- Benchmark price in London rallies back above $10,000 a ton
- ‘It’s not about money,’ says official helming nationwide check
The global nickel market will discover the severity of the Philippines’ mining audit next Thursday as President Rodrigo Duterte’s government presents the findings of the checkup and announces support for communities affected by any further suspensions. Benchmark prices surged.
The audit in the world’s largest mined nickel supplier has been completed after 16 teams fanned out across the country to assess compliance with environment and welfare rules, according to Leo Jasareno, the official in charge of the examination. The results and community-support program will be presented by Environment Secretary Gina Lopez, Jasareno said in an interview in Manila.
“It’s not about money, it’s about happiness,” said Environment Undersecretary Jasareno, a former head of the mines bureau with almost four decades’ of experience in the industry. The government and Lopez “would not want to see a mine profitably operating but filled with complaints,” he said.
The crackdown helped to lift nickel to the highest level in a year last month as some mines were suspended, tightening global supplies and fanning speculation that more significant disruption could follow. Cargoes from the Southeast nation are a vital source of nickel for China’s stainless-steel industry, and account for about 20 percent of global mined output. Duterte, a plainspoken politician who was sworn in June 30, has said his country can do without the mining industry entirely, while Lopez has also been a critic.
“The administration would want only those who really practice responsible mining,” said Jasareno. “It’s a greater emphasis on environmental protection, more than anything else. More than anything, the president would want that the environment would not suffer, that the people would not suffer.”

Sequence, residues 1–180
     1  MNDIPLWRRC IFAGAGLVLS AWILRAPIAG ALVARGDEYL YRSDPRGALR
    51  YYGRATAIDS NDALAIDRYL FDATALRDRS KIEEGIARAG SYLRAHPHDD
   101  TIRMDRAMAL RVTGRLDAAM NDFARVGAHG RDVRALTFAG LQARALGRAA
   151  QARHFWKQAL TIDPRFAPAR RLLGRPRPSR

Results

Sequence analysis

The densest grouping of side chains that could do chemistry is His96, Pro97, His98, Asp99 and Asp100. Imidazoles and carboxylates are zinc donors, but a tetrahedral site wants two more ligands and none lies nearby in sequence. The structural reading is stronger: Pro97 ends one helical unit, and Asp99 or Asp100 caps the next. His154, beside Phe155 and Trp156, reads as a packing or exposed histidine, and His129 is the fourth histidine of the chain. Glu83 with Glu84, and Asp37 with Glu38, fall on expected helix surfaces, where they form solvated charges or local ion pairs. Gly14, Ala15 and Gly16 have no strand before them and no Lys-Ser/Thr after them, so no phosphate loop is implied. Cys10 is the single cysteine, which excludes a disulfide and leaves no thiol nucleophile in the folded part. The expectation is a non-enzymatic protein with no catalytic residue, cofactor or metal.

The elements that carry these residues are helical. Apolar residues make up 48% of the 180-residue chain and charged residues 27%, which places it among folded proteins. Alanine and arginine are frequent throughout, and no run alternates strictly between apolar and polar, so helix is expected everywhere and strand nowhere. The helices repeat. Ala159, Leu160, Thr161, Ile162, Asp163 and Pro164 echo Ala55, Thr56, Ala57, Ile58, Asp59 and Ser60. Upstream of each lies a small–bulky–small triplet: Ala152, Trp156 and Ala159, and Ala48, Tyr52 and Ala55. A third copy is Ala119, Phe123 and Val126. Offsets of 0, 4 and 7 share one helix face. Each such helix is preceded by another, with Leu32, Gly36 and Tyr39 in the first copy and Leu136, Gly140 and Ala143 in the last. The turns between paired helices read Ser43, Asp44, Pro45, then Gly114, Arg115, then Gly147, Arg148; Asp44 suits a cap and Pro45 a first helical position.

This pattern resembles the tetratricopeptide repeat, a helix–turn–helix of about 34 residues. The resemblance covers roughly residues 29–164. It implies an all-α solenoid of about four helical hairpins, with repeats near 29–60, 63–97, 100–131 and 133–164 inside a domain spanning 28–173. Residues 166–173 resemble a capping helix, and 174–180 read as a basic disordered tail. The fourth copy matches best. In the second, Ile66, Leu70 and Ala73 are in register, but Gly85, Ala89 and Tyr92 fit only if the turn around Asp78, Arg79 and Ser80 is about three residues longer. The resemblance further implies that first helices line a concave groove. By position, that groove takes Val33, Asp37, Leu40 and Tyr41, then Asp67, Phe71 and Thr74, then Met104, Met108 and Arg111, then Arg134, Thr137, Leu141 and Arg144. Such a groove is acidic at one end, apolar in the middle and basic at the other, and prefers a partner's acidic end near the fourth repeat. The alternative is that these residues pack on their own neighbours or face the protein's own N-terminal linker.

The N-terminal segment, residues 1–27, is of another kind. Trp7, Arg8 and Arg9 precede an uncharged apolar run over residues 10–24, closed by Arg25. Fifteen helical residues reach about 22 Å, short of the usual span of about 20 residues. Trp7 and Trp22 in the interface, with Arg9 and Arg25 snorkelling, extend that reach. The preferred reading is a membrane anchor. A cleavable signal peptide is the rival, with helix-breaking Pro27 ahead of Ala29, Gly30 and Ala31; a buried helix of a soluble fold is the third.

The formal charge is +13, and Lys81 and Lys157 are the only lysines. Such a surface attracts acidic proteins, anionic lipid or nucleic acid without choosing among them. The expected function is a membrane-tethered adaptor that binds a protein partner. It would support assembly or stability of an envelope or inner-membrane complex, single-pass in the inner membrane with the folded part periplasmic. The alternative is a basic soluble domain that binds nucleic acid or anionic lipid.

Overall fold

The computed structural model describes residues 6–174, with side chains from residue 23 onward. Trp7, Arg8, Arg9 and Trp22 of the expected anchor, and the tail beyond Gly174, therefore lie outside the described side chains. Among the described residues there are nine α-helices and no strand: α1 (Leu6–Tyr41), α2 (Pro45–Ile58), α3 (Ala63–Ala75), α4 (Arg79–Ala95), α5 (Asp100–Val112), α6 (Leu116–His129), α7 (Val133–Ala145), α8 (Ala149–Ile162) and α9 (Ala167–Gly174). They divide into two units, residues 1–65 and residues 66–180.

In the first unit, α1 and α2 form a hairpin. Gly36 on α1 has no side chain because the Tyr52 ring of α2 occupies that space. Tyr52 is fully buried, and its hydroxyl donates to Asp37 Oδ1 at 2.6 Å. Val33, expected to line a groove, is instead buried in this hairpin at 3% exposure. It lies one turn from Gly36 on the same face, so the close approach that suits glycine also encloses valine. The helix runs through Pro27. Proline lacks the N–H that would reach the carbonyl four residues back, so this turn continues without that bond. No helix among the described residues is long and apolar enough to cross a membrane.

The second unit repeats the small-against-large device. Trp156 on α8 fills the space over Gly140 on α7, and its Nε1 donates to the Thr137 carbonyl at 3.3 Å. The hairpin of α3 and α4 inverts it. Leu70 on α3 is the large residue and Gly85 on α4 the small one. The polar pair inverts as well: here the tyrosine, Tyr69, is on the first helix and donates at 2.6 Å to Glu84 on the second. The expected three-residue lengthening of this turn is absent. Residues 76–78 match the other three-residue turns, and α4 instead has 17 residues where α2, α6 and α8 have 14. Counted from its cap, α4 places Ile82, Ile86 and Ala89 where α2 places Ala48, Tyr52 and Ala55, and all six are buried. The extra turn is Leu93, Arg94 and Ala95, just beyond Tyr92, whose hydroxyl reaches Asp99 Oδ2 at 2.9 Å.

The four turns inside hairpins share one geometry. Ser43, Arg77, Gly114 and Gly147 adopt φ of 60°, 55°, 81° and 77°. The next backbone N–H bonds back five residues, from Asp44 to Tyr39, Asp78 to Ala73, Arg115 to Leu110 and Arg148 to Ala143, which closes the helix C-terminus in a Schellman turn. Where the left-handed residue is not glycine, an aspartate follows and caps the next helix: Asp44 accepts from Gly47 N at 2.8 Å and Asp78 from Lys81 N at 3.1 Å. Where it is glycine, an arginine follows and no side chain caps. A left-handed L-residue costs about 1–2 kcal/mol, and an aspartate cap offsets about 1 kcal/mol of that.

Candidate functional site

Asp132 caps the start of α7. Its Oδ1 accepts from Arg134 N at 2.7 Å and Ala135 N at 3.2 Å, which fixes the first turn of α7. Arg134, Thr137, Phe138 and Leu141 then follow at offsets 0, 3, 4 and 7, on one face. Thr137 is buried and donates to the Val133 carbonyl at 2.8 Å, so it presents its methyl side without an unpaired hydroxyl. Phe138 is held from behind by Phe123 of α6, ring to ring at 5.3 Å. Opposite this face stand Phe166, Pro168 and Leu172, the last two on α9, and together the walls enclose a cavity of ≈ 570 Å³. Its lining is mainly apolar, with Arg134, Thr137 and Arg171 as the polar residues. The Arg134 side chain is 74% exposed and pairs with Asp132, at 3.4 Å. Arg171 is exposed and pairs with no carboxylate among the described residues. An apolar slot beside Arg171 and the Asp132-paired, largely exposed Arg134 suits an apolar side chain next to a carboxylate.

Nickel rallied as much as 1.3 percent to $10,035 a ton on the London Metal Exchange, and traded at $10,025 at 11:36 a.m. in Manila, 14 percent higher this year. The metal peaked on Aug. 10 at $11,030 before giving up some of its gains as concern about the Philippine audit eased, with Citigroup Inc. saying the checkup has had only a modest effect.
The probe comes after global nickel demand exceeded supply in the first half, with a deficit of 80,800 tons compared with a surplus of 45,200 tons in all of 2015, according to the World Bureau of Metal Statistics. Stockpiles in LME-tracked warehouses have fallen 16 percent to 369,096 tons this year.
So far eight nickel operations have been suspended in the audit as well as an earlier examination under the previous administration, according to Jasareno. UBS Group AG estimated these accounted for 10 percent of the country’s nickel output, or 2 percent of global supply, according to an Aug. 12 report.
The country shipped 33.1 million tons of ore in 2014 and 32.3 million last year, according to official data. Volume next year would depend both on the audit’s outcome and the response of miners to shifting prices, according to Jasareno, who said mines that were suspended may reopen if they fixed shortcomings.
“They will have to retrofit, they have to prove that they can pass the grade,” he said. After a mine is suspended, the department will assess the situation and then make a decision on whether or not it can be lifted, he said.
The government is optimistic that the drive to clean up the industry will act as lure to stimulate investment, rather than a deterrent. The Chamber of Mines of the Philippines has been advising members -- at least four of which has been suspended -- that they should follow all environmental compliance.
“It’s a different way of attracting investors,” said Jasareno. “You are not attracting investors because of incentives. You are not attracting investors because of permits that can be easily secured. But you are attracting investments because investors are assured that when they put their money on the ground, there’s sustainability.”